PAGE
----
WASHINGTON -- Dick Cheney is, by all accounts, probably the oddest -- and the most dourly ambitious -- duck in the administration's pond of wing-flapping, sky-diving and prideful birds.
He rarely speaks, running things quietly and secretly from behind the White House's closed doors, where he maintains his own administrative staff (roughly 60 persons, almost as many as the president's). When he does speak, it is usually either a sarcastic observation or rejoinder. As to his knowledge of Iraq, many remember how, on "Meet the Press" just before the Iraq war, he told Tim Russert, "I really do believe that we will be greeted as liberators."
He is an enigma to many who have known him. President George H.W. Bush almost pleaded with a friend of mine, a journalist, in Houston recently: "Please -- tell me -- what has happened to Cheney?"
There was always a brooding, Hobbesian Cheney just beneath the misleading openness he learned in his native Wyoming. But this week, the vice president took a turn into the deepest heart of human darkness. This week, unprecedented in history, an elected vice president of the United States of America proposed that Congress legally authorize the torture of foreigners by Americans.
The Washington Post titled its devastating editorial "Vice President for Torture." I would say that the deceptive man from sunny Wyoming has become the Marquis de Sade of America. Think about it -- he is insistent upon making torturers of many of our young soldiers -- your children.
In both the Afghan and the Iraq war, the U.S. has been involved -- as never before in ANY war -- with carefully conceived methods of torture -- "waterboarding" or simulated drowning, mock execution, beatings until death, the deliberate withholding of pain medication, the burning and desecration of enemy bodies, and every possible form of sexual perversion.
These acts were the direct outcome of the president's, Cheney's and Donald Rumsfeld's errant dismissal of the Geneva Accords, to which we are a signatory, of an international treaty against torture negotiated and ratified by the Reagan administration and, not least, of the Eighth Amendment to the Constitution, which forbids "cruel and unusual punishment."
Although such directions would HAVE to have come from the top, not one top-ranking general or officer has been punished. Only the privates from West Virginia and the Carolinas, who would be protected by a responsible military from debauching their service -- and themselves -- with such sick acts, are in jail.
But now the grand inquisitor Cheney, who took five deferments in the Vietnam War rather than experience it for himself, wants more. Sen. John McCain, who DOES know what war is all about, put forward an amendment to the $440 billion military spending bill banning the military and all government agencies from engaging in torture. Ninety senators voted for the new law, including 46 Republicans. So Cheney stepped in with a further amendment to the McCain amendment, which transfers torture to the CIA to use against the many foreign prisoners it is secretly holding abroad. These men have "disappeared," just like they do in the old banana republics and the gulags of the totalitarians.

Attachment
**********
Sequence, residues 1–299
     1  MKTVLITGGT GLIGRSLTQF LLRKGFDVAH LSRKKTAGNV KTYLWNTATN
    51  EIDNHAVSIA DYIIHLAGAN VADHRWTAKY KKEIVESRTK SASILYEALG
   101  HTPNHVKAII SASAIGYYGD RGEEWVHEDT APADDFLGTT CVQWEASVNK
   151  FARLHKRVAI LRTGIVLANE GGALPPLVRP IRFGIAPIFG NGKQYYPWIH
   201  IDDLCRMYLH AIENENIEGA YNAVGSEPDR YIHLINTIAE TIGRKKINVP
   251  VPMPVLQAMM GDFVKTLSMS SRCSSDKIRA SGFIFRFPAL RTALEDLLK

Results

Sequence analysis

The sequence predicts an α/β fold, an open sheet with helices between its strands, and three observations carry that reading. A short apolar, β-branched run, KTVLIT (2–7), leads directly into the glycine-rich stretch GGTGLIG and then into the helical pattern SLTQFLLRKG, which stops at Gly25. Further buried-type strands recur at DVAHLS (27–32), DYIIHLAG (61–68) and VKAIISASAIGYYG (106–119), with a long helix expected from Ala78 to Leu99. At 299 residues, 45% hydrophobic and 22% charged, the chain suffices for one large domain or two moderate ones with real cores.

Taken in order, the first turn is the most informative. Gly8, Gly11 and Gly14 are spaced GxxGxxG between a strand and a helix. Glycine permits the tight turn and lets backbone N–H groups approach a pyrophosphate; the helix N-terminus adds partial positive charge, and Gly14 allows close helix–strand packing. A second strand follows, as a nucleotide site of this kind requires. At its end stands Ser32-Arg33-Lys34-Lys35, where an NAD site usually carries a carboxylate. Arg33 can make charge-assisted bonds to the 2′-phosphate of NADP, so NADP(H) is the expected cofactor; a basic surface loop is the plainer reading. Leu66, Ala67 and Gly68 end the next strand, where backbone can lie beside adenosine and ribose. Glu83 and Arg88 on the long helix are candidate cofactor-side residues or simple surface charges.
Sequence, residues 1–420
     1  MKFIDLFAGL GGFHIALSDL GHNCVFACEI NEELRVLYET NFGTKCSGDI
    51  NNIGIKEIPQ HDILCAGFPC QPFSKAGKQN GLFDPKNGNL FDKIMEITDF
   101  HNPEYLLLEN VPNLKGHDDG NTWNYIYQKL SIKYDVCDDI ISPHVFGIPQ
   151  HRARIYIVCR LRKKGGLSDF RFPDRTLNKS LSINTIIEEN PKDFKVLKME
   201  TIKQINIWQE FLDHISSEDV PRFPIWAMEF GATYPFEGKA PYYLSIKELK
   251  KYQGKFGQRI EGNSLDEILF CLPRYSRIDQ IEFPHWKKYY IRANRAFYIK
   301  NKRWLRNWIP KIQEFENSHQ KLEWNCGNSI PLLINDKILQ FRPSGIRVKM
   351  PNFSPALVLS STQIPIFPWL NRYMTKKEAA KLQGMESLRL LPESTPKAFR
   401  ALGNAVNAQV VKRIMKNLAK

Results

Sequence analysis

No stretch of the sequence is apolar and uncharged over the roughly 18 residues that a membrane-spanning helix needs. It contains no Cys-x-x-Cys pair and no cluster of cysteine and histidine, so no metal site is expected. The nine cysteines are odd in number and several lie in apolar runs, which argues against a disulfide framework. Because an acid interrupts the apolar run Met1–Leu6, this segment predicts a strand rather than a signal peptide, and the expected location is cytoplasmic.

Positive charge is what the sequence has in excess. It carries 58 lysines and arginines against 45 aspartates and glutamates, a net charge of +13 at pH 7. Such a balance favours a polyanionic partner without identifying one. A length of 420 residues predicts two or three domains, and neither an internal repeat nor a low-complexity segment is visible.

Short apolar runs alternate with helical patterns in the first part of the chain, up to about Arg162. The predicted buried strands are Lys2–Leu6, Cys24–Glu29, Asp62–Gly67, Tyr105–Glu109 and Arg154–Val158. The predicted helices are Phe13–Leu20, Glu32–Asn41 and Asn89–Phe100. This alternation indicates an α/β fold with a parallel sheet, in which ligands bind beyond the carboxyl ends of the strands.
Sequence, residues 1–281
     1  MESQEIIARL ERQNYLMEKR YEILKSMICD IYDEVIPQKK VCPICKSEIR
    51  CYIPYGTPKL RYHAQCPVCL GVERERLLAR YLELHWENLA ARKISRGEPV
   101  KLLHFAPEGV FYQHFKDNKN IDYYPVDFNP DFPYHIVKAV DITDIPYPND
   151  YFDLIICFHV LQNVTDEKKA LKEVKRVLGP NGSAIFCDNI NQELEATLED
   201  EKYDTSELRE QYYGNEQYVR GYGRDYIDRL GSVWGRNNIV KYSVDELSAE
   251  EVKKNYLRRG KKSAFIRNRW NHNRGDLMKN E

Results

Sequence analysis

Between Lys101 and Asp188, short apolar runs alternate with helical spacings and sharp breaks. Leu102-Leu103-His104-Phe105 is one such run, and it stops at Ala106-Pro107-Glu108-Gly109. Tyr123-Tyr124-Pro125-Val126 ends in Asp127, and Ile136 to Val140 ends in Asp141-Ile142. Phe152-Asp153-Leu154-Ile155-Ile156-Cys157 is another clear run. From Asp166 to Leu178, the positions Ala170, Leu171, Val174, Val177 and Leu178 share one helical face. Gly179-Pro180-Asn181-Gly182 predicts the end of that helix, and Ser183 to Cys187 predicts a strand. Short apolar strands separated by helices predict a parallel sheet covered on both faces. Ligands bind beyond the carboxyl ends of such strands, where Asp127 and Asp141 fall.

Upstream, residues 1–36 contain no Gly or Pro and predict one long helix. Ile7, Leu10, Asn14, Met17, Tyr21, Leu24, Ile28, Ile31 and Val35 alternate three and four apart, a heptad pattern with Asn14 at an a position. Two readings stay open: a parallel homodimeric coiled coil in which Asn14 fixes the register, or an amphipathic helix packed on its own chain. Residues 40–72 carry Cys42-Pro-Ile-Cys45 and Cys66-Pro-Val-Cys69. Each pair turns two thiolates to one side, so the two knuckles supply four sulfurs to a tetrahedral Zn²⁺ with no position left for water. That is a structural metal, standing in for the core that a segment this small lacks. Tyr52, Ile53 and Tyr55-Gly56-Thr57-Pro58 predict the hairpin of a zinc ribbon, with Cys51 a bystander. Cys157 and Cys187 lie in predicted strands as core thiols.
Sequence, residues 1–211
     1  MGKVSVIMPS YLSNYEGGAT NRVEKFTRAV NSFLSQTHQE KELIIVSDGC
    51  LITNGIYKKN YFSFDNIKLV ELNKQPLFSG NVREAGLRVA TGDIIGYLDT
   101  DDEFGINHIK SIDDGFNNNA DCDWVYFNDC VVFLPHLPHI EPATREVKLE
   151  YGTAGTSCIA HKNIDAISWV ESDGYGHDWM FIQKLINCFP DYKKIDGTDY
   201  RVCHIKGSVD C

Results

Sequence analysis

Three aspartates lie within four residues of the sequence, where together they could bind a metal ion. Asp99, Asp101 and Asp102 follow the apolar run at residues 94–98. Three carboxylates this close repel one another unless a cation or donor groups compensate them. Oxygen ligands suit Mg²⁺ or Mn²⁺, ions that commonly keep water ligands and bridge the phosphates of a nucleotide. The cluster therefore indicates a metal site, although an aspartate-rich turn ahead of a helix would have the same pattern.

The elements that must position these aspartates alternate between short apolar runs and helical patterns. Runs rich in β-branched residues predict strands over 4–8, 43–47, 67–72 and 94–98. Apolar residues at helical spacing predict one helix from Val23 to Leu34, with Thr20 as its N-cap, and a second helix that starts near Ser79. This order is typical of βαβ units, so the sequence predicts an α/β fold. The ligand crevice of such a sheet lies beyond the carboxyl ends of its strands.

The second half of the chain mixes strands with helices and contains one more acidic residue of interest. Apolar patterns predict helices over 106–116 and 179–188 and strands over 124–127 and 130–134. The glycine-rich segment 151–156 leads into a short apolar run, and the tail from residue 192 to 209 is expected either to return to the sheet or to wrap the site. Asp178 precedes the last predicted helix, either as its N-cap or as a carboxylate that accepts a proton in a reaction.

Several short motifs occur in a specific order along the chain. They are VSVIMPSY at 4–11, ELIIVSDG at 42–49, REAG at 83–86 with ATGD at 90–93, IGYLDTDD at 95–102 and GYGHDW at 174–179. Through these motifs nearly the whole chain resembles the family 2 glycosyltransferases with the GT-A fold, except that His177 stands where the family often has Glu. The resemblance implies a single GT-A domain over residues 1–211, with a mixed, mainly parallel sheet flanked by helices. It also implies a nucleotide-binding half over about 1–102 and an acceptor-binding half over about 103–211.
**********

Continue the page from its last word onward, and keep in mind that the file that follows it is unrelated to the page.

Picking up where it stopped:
"I suspect what Cheney's been saying to McCain is that we've got a few people who know the whereabouts of Osama bin Laden and the others," political scientist Norman Ornstein of the American Enterprise Institution mused with me. "That we've got to use any means necessary to get information from very specific people. He's looking toward short-term goals without any understanding of the long-term consequences, which gets to the underlying reason why McCain is pushing ... The rules are in place to protect US. If this becomes official policy, then the enemy says that they can do the same thing."
But anyone who has studied the use of torture knows it doesn't work. Prisoners will tell their tormentors exactly what they want to hear. Among Americans in Afghanistan and Iraq, too often, torture has become the "sport" of sociopaths. (According to Cherif Bassiouni, the renowned human rights and international law professor at DePaul University in Chicago, with fully 30 percent of our army recruits being kids with criminal sentences who were allowed to work their way out in the military, we are already courting trouble.)
Bassiouni told me that he has been called in as an expert witness on some of the trials of the foreigners held at Guantanamo. "You look at them," he told me with a deep impatience, "and you see how insignificant they are! One guy was a driver in Kandahar for one of the terrorists -- for a week. In my No. 2 case, the fellow operated a video shop."
Bassiouni then told of the private contractors who operate wholly on their own. He outlined how team after team of interrogators comes in. The first team says they "got something," so the second has to "get something," too. They charge $200 per hour per person to interrogate, and more than likely, they draw out their time clock by torturing prisoners. For four men for four hours, that's $3,200 of taxpayer money paid for the ugly demeaning of everything America once stood for. With the neocons and Cheney and their dark lusts, we are eating our own principles alive.
"America has lost its capacity for being indignant," Dr. Bassiouni summed up. "Where has our capacity for indignation gone? When a nation loses its respect for the Constitution and its treaties, what is next? And leaving even that aside, the next American serviceman who is being tortured -- and we can't go to his rescue -- will show us exactly what we have done."
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